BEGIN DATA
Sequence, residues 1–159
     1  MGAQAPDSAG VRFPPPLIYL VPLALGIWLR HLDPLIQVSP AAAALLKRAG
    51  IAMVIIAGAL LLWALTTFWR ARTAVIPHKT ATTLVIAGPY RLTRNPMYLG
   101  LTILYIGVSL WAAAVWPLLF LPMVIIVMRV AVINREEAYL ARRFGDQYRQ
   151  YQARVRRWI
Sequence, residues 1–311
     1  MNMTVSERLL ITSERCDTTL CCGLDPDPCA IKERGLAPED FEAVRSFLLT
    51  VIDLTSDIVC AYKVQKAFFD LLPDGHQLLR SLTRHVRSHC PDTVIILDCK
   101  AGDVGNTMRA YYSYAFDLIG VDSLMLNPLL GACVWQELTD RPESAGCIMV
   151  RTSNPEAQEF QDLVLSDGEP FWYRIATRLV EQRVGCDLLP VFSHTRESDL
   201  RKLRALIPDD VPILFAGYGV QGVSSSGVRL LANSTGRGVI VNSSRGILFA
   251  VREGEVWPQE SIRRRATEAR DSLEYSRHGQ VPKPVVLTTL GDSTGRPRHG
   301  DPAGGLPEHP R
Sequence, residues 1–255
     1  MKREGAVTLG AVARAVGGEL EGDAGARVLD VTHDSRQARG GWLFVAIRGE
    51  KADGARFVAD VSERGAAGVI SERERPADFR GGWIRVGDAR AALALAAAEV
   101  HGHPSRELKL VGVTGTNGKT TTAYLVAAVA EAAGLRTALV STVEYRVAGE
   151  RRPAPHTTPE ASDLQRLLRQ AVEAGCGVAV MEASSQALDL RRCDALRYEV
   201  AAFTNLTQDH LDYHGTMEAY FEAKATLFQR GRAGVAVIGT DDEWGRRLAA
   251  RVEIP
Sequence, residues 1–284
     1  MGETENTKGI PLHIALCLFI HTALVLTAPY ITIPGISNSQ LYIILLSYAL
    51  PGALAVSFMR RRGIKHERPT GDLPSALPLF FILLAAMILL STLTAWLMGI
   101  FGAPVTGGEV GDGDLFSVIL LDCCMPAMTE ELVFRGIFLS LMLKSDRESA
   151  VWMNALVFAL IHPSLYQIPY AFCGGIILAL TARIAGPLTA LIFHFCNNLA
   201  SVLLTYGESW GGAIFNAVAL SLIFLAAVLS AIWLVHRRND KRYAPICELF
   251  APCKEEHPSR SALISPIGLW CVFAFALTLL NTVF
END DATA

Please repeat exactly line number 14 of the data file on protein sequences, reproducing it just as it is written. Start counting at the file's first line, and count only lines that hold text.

Sequence, residues 1–255